The leaves haven’t started to change colour yet, but for a few MLB teams, it already feels like October. Six teams in the American League have a shot at the postseason, with just three spots up for grabs. Suddenly, games in August are nail-biters. For the Blue Jays, Mariners, Rays, Twins, Orioles, and White Sox, every game could push them in or out of the playoff picture.

The tight wildcard race is a product of the new CBA this season. In each league, the division winners plus three wildcard teams make the playoffs, an increase from just two wildcard teams last year.

The extra spot has produced extra chaos in the American League this season. At the time of writing, four of the six teams chasing an AL wildcard spot have an over-50 percent chance of making the playoffs, according to Fangraphs. All six sit within 3.5 games of each other with just under 50 games left to play.

Blue Jays shortstop Bo Bichette
Blue Jays shortstop Bo Bichette.

While worrying about the third wildcard team in August may seem like an exercise in extreme (and possibly delusional) fandom, any spot in the playoffs provides hope for a stretch run. Since 2012, multiple wild card teams have shed their underdog label and put together impressive postseason performances.

In total, two wildcard teams have won the World Series, three have made it to the Fall Classic, and five have reached either the ALCS or the NLCS. Sometimes all it takes is a ticket to the dance.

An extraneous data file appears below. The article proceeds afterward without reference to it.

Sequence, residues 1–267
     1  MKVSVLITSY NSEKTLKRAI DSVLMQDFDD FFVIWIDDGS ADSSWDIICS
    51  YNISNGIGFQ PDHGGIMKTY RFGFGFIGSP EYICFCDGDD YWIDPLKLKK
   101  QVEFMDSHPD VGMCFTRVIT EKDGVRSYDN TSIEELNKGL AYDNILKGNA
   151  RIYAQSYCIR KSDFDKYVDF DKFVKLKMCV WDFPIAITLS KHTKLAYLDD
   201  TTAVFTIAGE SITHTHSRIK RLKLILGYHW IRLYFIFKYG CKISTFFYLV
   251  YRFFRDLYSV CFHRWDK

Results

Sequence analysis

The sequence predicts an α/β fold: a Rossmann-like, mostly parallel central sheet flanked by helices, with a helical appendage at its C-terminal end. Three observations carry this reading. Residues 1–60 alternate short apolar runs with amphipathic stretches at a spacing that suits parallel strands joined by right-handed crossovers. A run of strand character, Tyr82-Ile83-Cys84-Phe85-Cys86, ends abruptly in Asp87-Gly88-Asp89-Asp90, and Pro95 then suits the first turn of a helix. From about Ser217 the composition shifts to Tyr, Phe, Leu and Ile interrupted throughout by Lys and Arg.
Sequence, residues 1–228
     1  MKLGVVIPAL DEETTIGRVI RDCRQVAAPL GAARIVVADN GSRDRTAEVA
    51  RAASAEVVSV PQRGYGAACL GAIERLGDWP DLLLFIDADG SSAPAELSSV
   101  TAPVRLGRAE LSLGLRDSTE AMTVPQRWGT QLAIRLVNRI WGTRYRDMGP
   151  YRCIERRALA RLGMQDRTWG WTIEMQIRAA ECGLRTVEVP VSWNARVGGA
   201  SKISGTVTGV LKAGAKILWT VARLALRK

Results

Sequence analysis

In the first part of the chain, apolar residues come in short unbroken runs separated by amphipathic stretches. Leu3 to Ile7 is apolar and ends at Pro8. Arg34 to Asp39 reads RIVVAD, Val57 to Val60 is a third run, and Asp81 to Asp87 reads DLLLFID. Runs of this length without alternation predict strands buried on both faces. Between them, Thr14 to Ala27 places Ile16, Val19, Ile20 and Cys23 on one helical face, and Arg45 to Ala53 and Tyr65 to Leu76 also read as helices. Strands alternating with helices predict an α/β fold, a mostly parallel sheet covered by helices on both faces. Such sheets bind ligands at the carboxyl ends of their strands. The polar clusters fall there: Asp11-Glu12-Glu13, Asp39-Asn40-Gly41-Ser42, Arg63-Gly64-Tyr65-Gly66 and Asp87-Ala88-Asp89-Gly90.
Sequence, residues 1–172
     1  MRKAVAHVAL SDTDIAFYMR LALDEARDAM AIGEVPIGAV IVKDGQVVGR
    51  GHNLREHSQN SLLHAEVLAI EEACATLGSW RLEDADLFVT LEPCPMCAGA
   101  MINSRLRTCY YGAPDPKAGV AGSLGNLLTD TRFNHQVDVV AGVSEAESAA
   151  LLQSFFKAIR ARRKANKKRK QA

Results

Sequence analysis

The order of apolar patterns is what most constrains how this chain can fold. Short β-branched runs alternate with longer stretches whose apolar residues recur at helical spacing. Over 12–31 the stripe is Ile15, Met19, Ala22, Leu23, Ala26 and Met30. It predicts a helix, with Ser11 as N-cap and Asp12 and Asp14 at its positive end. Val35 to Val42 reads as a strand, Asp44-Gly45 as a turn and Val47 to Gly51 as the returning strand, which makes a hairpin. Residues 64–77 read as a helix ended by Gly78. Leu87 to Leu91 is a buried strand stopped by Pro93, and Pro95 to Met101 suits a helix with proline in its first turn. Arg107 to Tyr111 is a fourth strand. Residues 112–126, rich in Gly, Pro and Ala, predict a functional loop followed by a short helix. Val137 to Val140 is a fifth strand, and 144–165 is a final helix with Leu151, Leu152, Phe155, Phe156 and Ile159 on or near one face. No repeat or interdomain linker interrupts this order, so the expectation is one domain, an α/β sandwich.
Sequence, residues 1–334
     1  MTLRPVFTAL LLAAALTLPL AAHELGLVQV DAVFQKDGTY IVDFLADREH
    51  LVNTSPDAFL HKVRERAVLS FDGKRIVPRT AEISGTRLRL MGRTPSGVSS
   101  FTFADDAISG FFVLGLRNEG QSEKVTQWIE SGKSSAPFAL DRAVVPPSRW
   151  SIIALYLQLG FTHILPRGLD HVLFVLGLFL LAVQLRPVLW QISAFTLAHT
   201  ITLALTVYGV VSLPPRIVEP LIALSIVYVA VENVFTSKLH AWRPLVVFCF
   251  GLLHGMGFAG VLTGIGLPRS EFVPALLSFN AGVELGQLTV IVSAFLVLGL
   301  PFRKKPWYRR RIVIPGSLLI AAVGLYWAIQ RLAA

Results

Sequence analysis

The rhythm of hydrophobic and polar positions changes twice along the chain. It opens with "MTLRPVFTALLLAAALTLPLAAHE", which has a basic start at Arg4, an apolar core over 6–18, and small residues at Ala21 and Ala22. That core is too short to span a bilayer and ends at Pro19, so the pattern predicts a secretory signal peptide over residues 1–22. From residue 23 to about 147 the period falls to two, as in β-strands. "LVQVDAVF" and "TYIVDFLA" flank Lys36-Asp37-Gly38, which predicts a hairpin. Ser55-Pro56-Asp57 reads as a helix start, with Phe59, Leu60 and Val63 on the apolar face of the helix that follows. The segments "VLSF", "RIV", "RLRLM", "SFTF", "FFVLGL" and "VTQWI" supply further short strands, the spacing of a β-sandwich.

Not only does the race provide extra intrigue for the regular season, but it also ensures more talented teams don’t miss out on the playoffs.

Few teams are more thankful for the extra playoff opening than the Blue Jays. Coming off a season in which the team missed the postseason by one game, the Jays have been a mainstay in one of the three wildcard spots this season, despite their rocky, up-and-down play. Yet with two teams in their division jockeying for wildcard position (the Orioles and Rays), the Blue Jays have plenty of work left as they enter a busy final stretch.

Toronto will play 45 games through the final 48 days of the season; 42 percent of those games will come against either the Rays or Orioles. The Jays will play one of either team 19 times through September and October. Toronto will not play any of the other wildcard contenders (Mariners, White Sox, Twins) through the final stretch.

Vladimir Guerrero Jr. and George Springer celebrate midgame.
Blue Jays first baseman Vladimir Guerrero Jr. and outfielder George Springer celebrate midgame.

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Of the Blue Jays’ 19 games against the Orioles and Rays, 11 will be on the road, including a potentially postseason-clinching three-game series in Baltimore to end the season.

Toronto has struggled against both teams this season, going 3-6 (.333 win percentage) against the Orioles and 4-6 (.400 win percentage) against the Rays. If the Blue Jays were to maintain the same win percentage through the remaining 19 games against both teams, they would finish 7-12 in pivotal and possibly playoff-deciding games.

Promisingly for the Jays and their fans, though, this team has proven an ability to turn a corner the closer they get to the postseason. Last year, after a disappointing 16-14 record in August, the Blue Jays compiled 22 wins in the final 31 games of the season. For those scoring at home, that’s a remarkable .709 win percentage – a pace that, if sustained over a 162-game season, would lead to a 115-47 record (just one win short of the all-time leading 1906 Chicago Cubs).

It likely won’t take a run quite that remarkable to make the playoffs this season, but the Blue Jays certainly won’t have any easy games the rest of the way.

Buckle up, Blue Jays fans, October will be here before you know it.

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